It has been run for more than a century by a succession of family chairmen, most recently Viscount Blakenham, on behalf of an extended family of shareholders that now numbers in the hundreds. Barlow's appointment in 1990 to second Blakenham marked a radical departure: he was a definite outsider, what one Pearson confidante calls "a counter-intuitive choice." Next to Blakenham's Eton and Harvard and the now-departed finance director James Joll's Eton and Oxford, Barlow was from another planet: a Cumbrian born boy, educated at a grammar school, with a stint in Africa for the Daily Mirror under his belt. He had already paid his dues at Pearson, spending several years at Westminister Press, the regional newspaper group, before becoming chief executive of the FT.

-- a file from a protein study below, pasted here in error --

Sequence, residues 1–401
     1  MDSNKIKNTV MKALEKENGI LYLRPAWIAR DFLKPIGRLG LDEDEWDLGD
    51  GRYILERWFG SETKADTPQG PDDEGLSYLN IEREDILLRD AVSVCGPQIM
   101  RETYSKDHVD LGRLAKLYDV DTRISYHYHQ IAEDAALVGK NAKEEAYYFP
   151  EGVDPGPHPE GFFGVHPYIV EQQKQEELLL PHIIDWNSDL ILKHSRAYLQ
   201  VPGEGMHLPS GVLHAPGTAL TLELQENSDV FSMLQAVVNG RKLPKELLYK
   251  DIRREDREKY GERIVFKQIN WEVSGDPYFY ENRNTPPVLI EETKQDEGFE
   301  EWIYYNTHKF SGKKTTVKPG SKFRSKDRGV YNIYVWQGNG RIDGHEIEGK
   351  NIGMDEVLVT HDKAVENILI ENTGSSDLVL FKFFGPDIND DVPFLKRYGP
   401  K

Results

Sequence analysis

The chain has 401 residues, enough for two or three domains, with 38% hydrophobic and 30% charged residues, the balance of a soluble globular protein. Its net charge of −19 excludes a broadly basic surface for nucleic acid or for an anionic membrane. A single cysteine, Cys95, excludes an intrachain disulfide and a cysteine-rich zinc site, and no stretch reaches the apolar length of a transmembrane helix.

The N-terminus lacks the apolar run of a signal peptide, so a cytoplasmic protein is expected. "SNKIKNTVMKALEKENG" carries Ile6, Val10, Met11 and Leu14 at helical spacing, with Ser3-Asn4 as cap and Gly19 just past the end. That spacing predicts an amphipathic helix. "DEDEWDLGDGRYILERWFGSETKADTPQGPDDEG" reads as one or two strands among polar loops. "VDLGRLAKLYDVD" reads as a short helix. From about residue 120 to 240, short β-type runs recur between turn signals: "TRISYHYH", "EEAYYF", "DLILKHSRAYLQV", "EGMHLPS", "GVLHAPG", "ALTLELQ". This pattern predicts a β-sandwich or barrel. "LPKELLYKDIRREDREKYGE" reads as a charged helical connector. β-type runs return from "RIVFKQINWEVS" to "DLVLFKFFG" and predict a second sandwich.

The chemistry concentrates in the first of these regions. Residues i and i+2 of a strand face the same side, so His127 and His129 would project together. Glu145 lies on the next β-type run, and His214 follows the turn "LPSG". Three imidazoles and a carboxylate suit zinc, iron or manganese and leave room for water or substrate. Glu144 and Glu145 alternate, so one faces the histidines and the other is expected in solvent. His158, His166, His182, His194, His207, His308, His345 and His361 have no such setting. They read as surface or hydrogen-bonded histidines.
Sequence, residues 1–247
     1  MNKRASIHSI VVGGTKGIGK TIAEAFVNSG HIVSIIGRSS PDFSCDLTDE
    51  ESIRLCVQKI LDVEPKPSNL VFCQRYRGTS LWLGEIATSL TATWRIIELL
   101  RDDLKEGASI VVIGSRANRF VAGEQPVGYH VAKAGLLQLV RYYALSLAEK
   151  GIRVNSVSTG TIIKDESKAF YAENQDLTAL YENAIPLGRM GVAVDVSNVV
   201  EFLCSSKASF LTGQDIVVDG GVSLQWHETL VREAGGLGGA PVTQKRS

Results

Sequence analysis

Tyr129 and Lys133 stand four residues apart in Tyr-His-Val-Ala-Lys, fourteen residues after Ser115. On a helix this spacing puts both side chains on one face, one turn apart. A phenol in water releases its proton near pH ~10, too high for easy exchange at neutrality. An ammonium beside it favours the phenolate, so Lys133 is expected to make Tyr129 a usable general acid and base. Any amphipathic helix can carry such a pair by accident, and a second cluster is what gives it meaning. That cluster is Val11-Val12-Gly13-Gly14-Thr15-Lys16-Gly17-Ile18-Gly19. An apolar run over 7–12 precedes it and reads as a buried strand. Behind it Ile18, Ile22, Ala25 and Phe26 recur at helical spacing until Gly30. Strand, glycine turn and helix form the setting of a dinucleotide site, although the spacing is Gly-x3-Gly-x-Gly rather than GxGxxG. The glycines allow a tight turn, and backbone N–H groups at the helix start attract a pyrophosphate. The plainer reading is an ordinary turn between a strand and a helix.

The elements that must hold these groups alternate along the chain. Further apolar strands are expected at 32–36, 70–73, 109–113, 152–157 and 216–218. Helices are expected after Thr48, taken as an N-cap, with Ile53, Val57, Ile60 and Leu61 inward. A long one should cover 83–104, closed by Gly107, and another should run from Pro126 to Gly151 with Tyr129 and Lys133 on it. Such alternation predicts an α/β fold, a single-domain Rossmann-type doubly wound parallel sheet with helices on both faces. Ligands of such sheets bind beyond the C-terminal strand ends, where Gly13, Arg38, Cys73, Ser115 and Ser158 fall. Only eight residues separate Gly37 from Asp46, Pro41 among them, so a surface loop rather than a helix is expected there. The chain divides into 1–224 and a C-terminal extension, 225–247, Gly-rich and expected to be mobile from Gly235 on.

Since Barlow's arrival at Pearson's head office more than five years ago, the obvious oddities (china, wine and oil services) have been sold off. They have been replaced by a raft of new media and information holdings, ranging from Thames Television and Grundy Worldwide (makers of Neighbours) to the ill-starred Mindscape and, most recently, a stake in the new Channel 5 terrestrial TV service. The men in charge say they are building nothing less than Britain's premier media company, big enough one day to challenge the Disneys and the Time Warners. But there is still the distinct odor of "conglomerate" about the company - at variance with the current fashion among the City's investors. Moreover, many still dispute whether there are any "synergies" to be had among the company's information, entertainment and publishing assets.